Here’s some green driving tips from our friends in the UK:
There are many urban myths floating around in the motor-sphere as to what methods actually help fuel efficiency and which don’t. Below is seven tips to improve your fuel efficiency.
At low speeds having the air conditioning on while driving can reduce your fuel efficiency by as much as 15 percent when outdoor temperatures are above 26 degrees Celsius (79 degrees Fahrenheit). However, at high speeds, 50 mph or more, the effects aren’t nearly as noticeable. Be sure to run the air-con at least once a week throughout the year to make sure the system stays in good health.
Change up earlier
Revving the engine may seem cool but really it’s just a big waste of fuel. Try changing up a gear when you hit 2,000 rpm in a diesel car or around 2,500 rpm in a petrol car. And please, stop revving your car at traffic lights. In the future expect to see all cars fitted with a “Gear Shift indicator” which will light up to show you the most efficient gear change points.
Stick to the speed limits
As you may already know, the faster you go the greater the fuel consumption and subsequently pollution. An example of this would be, driving at 70 mph your car uses nine per cent more fuel than it would at 60 mph and up to 15 per cent more than 50 mph. This is an incredible saving which seems to make being stuck behind that lorry all the more bearable. Driving at 80 mph on the motorway is not just illegal, but also bad practice for fuel efficiency as it uses 25 percent more fuel than at 70 mph.
Become more aerodynamic
To become more fuel efficient means that you should become more aerodynamic. This will reduce drag and make it easier for your car to be propelled forward at speed. 50 per cent of energy required to operate vehicles is spent overcoming wind resistance. Rooftop bike racks, car-top carriers and any accessories added onto your car, I’m looking at you car headlight eyelashes, all add wind resistance and affect your fuel efficiency. Washing and waxing your car can also help your aerodynamics a little too.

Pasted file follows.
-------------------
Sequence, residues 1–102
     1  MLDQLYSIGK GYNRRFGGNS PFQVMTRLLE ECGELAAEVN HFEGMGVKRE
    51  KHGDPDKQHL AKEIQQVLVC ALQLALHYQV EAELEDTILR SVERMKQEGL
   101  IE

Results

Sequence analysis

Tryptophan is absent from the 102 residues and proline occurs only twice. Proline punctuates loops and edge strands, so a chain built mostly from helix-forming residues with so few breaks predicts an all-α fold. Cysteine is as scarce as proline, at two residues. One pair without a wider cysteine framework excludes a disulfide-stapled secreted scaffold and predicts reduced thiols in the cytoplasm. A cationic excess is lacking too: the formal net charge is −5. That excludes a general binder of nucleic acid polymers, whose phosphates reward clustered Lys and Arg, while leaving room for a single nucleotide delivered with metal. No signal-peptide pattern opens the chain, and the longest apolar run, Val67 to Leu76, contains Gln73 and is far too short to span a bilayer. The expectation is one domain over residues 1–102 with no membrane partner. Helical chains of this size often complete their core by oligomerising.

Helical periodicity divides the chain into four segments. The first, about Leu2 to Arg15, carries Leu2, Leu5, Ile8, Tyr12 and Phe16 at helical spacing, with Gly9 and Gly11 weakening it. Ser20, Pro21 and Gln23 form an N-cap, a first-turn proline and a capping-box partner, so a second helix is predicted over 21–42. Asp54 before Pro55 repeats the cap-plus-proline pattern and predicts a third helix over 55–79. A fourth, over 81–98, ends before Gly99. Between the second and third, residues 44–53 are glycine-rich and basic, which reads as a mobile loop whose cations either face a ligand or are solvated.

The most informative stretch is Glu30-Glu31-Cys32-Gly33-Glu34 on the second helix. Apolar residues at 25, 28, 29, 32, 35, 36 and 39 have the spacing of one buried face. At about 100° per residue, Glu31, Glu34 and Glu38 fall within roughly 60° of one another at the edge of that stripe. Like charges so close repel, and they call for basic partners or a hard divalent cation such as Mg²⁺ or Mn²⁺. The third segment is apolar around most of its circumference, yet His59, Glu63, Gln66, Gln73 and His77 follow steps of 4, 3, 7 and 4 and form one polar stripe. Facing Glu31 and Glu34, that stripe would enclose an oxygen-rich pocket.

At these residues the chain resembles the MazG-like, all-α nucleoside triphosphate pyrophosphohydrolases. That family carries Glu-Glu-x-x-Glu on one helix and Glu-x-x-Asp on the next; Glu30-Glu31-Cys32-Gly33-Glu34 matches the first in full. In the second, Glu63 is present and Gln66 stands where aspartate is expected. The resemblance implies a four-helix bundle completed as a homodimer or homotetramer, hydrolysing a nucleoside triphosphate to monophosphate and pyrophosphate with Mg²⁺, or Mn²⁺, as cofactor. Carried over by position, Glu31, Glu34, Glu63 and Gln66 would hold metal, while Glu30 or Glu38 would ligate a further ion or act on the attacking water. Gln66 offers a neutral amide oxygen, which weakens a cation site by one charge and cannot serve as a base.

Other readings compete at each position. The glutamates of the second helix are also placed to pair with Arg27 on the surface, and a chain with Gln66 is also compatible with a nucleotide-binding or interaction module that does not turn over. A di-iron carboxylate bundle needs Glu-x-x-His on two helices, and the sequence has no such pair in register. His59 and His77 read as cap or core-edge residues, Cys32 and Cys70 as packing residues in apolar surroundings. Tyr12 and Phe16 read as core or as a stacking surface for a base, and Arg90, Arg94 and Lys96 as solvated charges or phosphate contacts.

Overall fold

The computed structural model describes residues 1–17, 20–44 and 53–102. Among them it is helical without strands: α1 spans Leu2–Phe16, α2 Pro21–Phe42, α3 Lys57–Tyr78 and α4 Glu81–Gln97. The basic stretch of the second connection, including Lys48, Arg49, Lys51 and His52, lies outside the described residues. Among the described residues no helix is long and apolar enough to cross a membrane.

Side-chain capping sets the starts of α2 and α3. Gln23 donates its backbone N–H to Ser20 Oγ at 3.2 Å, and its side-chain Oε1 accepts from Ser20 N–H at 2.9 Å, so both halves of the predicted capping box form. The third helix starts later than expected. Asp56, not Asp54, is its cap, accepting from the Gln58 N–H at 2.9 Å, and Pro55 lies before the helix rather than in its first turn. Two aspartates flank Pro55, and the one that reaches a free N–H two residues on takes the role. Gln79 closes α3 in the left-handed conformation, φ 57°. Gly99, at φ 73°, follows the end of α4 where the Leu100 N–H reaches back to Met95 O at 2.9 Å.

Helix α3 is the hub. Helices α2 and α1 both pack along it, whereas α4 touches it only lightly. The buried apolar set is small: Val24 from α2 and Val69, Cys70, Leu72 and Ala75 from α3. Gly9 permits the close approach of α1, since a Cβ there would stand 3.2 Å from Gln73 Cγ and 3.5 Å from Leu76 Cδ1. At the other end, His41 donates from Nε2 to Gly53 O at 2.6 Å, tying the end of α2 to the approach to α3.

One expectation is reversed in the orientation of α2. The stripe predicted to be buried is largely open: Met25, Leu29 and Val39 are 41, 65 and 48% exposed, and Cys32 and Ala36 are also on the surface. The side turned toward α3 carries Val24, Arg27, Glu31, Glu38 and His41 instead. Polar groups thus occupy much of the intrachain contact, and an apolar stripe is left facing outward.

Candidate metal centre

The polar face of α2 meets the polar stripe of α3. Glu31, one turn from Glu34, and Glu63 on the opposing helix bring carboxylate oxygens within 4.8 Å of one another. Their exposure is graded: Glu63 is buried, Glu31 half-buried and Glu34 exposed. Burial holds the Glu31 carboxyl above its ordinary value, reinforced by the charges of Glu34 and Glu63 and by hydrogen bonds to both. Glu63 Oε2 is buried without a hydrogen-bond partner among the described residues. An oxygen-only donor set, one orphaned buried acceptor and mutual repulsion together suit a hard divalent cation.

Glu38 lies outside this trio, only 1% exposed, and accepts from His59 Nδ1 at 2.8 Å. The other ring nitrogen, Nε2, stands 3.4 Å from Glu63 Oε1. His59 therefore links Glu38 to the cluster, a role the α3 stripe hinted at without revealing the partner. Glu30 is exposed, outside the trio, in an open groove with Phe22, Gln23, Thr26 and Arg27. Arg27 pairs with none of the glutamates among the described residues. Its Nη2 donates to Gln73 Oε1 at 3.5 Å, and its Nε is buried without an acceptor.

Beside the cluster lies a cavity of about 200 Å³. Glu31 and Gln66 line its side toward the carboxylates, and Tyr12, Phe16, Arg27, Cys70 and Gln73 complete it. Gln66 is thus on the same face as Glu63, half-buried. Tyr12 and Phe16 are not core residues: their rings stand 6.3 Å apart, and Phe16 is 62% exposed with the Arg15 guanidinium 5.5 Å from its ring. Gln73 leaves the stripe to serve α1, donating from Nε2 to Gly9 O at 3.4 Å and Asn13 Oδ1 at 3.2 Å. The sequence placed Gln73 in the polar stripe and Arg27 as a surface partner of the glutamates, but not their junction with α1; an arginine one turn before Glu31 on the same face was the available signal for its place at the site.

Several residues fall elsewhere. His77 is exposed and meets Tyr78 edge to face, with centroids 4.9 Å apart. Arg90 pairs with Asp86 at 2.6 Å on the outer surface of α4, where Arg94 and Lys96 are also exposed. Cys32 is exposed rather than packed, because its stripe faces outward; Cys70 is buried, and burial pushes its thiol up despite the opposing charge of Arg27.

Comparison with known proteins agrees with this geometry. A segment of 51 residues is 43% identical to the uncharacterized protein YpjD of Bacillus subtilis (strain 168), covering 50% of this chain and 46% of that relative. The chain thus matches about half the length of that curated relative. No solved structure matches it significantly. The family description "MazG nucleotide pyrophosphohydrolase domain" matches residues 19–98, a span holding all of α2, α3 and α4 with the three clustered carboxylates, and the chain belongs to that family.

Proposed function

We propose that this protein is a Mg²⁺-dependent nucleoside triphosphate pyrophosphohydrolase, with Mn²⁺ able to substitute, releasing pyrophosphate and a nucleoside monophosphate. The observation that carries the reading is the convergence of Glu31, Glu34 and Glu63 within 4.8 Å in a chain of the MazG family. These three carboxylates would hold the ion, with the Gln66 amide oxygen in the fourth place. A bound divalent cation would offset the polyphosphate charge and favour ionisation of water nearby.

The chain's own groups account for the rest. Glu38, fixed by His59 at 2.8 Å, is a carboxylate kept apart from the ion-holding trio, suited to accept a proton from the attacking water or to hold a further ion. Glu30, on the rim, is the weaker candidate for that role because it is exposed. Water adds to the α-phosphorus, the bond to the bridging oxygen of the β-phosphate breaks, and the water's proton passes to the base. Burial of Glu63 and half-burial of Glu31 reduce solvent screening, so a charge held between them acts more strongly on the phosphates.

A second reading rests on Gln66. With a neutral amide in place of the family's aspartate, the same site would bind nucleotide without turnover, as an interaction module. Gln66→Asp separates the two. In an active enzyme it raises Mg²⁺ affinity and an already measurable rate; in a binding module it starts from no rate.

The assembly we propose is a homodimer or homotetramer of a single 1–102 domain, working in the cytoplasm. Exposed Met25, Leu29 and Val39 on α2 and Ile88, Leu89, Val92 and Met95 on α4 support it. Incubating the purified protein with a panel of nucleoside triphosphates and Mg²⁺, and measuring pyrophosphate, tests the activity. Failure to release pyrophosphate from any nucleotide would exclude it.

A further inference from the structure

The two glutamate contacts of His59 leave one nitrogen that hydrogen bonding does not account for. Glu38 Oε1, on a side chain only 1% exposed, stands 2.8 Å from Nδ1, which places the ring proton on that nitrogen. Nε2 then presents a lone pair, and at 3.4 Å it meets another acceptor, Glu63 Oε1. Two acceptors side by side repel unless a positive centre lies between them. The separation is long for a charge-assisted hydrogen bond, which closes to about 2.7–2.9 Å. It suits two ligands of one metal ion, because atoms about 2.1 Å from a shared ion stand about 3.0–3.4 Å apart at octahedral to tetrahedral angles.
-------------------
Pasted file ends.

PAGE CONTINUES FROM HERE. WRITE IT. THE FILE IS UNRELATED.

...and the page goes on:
Drive like you’re riding a pushbike
This is one of the things that my driving instructor taught me and it has stuck with me throughout the years. If you drive like you’re riding a pushbike it’s a lot easier to pick the right gear as well as save fuel. But don’t take it literally, don’t drive at the side of the road while going 10 mph, that will just infuriate others and could be potentially dangerous. When climbing hills your car will struggle to maintain speed a lot more going up than going down so give your cars legs a rest and go up the hill slower, it will save a lot of fuel. Your car uses the most fuel when in high-load situations much like you would while on a bike.
Avoid excessive idling
One of the simplest techniques to saving fuel, however it is also one of the most underused techniques. To put it bluntly when you are idling your car gets zero miles per gallon whereas if you turn your engine off you don’t use any fuel at all. When you know you are going to be waiting for over three minutes then turn your engine off.
For example, if you are waiting outside someone’s house and they’re not quite ready yet or if you are waiting to pick someone up .
This is becoming less of a problem however. Many car dealerships, such as Evans Halshaw are introducing affordable cars with an innovative “stop/start” system that automatically cuts the engine when idle and then restarts once you wish to move again.
Inflate your tires
Tires that are not filled to their full recommended capacity are dangerous, they wear out faster and ultimately waste fuel. Keeping them properly inflated could improve your gas mileage by approximately three to four per cent. Your recommended tire pressure will be found on the driver’s door, door pillar or in the glove box and does not appear in the owner guide. Don’t exceed the recommended tire inflation though as over-inflated tires can be just as bad as under-inflated ones.
Measuring fuel consumption
To calculate your average fuel consumption over any period of time just follow these steps.
- Fill the tank and record the mileage
- Keep track of any subsequent fuel purchases, you don’t have to fill the tank until you are ready to work out your mpg
- If you can, go back to the same pump at the same garage in which you first filled up and fill the tank to the same level again
- Now for the maths. Divide the total mileage since the first fill up by the total number of litres used and then multiply by 4.546 to get miles per gallon. For example, if you’ve driven 2,000 miles and used 300 litres of fuel, your average mpg would be: (2000/300)x 4.546 = 30.3 mpg.
By trying to follow some or even all of these suggestions, you can really stretch your fuel dollar, making your car a more effective and efficient tool.